Finally, in 1876, under continuing threat of the union being dissolved, Todmorden became the last union in England to provide a workhouse when it began to erect one at Lee Bottom near Mankinholes. Ironically, the site on which it was built was on an estate known as Beggarington. The first inmates were admitted at the end of September, 1878, with the first master and matron being Mr and Mrs Gent from Eccles.. The initial capacity of the workhouse was 100 but in 1890 the buildings were expanded to accommodate 250.

Todmorden workhouse site, 1905

Todmorden workhouse from the west, c.1902.
© Peter Higginbotham.

Todmorden workhouse from the north-west, c.1906.
© Peter Higginbotham.

The picture below, which dates from around 1897, shows the front entrance to the workhouse with the master and matron and what are presumably other workhouse staff.

Todmorden workhouse entrance, c.1897.
© Andrew Barr.

In 1930, the workhouse became a Public Assistance Institution serving the new Calder "Guardian's Area". At that time, it had accommodation for 293, including 69 in the casual wards (60 male places and 9 female). A council architect's report on the buildings noted that they were lighted throughout by gas. The water supply was from a small reservoir in the grounds and was not filtered in any way. Hot water was available in all parts, but only a limited amount of central heating was installed. In the casual ward, there were eight cells for females, twenty cells for males each equipped for corn-grinding work, and a tramp major's room.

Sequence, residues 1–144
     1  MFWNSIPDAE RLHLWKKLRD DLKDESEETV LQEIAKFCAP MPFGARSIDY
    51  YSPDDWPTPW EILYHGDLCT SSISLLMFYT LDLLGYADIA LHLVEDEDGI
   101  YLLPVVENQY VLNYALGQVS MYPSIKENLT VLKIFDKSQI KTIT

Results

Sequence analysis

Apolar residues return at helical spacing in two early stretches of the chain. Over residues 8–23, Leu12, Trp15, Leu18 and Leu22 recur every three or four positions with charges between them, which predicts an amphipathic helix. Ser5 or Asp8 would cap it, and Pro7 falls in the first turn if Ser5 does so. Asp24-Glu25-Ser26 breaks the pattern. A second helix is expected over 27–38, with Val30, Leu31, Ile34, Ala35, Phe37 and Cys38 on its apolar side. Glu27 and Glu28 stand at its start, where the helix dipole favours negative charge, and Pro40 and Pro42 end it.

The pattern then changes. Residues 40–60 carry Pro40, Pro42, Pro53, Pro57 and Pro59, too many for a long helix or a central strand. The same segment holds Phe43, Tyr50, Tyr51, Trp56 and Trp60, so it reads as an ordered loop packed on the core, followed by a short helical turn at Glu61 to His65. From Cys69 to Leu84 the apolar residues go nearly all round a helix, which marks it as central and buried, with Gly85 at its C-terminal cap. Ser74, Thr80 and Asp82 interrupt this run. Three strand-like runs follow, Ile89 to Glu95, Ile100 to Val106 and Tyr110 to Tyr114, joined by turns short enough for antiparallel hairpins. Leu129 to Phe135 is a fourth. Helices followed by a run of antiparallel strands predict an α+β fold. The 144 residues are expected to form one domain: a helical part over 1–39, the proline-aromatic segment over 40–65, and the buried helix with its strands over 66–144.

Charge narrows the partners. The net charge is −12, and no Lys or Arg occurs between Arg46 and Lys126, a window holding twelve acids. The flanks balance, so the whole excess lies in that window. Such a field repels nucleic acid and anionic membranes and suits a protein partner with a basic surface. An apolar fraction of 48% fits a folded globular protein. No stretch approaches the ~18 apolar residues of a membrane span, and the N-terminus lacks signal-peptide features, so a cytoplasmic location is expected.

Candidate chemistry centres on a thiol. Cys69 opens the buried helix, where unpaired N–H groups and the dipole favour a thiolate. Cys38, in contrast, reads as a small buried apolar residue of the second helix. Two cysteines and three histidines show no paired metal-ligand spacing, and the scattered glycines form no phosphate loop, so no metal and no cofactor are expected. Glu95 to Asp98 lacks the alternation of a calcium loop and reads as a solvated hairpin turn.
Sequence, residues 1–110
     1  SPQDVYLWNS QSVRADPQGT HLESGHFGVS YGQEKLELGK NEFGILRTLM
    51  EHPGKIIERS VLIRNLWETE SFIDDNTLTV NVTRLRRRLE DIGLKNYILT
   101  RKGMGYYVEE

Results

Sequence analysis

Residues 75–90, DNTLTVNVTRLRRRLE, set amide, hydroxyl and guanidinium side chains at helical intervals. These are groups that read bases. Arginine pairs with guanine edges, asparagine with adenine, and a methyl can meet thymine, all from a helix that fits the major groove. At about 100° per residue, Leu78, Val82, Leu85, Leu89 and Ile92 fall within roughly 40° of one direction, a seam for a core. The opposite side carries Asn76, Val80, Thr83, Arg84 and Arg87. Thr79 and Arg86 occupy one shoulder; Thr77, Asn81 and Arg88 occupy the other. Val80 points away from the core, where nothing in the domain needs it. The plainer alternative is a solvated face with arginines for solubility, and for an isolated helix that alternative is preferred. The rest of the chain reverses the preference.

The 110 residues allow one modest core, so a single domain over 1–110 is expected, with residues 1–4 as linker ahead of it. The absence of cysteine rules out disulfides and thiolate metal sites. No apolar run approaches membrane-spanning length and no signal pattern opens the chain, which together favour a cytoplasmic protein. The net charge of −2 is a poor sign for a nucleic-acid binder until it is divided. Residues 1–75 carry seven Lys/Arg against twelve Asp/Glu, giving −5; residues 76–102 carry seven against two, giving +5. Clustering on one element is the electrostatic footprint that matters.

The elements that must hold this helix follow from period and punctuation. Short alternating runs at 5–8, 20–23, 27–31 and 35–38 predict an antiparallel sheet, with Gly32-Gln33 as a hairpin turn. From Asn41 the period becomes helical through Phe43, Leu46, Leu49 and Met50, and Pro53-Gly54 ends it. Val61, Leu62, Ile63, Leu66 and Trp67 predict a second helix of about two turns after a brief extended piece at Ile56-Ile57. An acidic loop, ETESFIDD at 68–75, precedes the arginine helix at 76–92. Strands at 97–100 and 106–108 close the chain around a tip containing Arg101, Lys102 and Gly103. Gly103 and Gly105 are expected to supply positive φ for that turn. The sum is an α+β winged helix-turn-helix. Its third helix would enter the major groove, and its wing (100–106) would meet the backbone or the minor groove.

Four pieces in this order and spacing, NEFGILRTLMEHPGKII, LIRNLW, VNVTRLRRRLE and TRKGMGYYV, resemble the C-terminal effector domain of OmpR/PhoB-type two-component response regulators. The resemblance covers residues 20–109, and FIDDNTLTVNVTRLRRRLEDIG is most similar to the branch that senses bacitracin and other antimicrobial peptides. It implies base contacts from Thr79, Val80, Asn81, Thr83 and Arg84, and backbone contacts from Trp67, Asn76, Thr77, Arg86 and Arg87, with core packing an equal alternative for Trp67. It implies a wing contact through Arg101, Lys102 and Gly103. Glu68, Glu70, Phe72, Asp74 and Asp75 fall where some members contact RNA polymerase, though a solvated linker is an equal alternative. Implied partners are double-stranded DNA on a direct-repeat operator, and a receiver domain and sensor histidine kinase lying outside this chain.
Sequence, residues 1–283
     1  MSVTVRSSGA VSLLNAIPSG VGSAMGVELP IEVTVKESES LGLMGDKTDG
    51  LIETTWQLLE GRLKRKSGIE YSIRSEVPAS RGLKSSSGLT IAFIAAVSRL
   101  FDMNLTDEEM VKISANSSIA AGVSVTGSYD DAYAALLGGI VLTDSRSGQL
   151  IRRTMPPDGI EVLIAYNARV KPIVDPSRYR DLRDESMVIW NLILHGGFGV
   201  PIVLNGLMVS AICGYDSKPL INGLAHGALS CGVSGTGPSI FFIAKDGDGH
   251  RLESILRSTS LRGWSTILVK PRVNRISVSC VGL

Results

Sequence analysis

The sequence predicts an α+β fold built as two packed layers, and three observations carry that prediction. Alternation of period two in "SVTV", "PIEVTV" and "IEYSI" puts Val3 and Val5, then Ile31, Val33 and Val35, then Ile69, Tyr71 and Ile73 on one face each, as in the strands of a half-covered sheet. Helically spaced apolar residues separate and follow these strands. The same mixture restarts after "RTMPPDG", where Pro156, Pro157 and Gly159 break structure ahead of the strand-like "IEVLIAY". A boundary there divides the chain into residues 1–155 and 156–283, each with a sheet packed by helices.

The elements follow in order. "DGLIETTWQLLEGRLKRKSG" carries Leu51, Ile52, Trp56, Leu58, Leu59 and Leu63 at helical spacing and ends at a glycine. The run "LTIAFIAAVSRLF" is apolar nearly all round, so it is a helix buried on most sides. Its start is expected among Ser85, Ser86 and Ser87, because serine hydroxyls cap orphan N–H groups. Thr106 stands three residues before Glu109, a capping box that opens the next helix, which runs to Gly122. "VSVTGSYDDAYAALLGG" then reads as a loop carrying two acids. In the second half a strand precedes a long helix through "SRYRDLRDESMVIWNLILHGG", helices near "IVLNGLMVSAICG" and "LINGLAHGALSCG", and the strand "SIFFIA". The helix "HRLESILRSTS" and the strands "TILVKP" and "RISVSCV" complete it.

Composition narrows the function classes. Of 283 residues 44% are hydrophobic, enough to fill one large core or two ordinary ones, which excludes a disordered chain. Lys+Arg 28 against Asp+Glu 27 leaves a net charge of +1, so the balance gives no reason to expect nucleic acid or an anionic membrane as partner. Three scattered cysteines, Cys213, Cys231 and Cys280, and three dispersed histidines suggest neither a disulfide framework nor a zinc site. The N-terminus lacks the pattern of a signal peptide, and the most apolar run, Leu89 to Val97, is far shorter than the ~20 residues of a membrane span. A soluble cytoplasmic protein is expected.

Todmorden workhouse site, 1930

The institution later became Stansfield View Hospital and after 1948 provided care for the mentally handicapped. The vagrants' wards were closed in 1950. The buildings were demolished in 1996 and the site cleared.

Todmorden workhouse from the west, c.1906.

Cottage Home

The Todmorden Union operated a children's home at Mankinholes Hall on Mankinholes Bank, now Mankinholes Youth Hostel. The home could accommodate 25 children.

Former Todmorden Union children's home, Mankinholes.




Note: many repositories impose a closure period of up to 100 years for records identifying individuals. Before travelling a long distance, always check that the records you want to consult will be available.

  • West Yorkshire Archive Service (Calderdale Office), Central Library, Northgate House, Northgate, Halifax HX1 1UN. Holdings: Minutes and reports (1911-66); Accounts 1940-8); Inventories (1929-48); Hospital farm records (1924-16); Patients' creed registers (c.1912-54); Registers of patients and paupers (1882-1943); Admission and discharge register (1879-80); Admission records (1948-65); Infirmary admission and discharge register (1879-1954); Infirmary deaths register (1914-36); Indoor reflief lists (1922-30); etc.


  • Todmorden Workhouse by Anthony Chadwick (Ripon Museum Trust leaflet, 1996)
  • White, W. (1847) Directory and Topography of Leeds, Bradford, Halifax, Huddersfield, Wakefield, and the whole of the clothing districts of the West Riding of Yorkshire



  • Thanks to Kathy Tomlinson Andrew Barr for help with material for this page, and to Diana Monahan for very kindly contributing Colin Spencer's researches.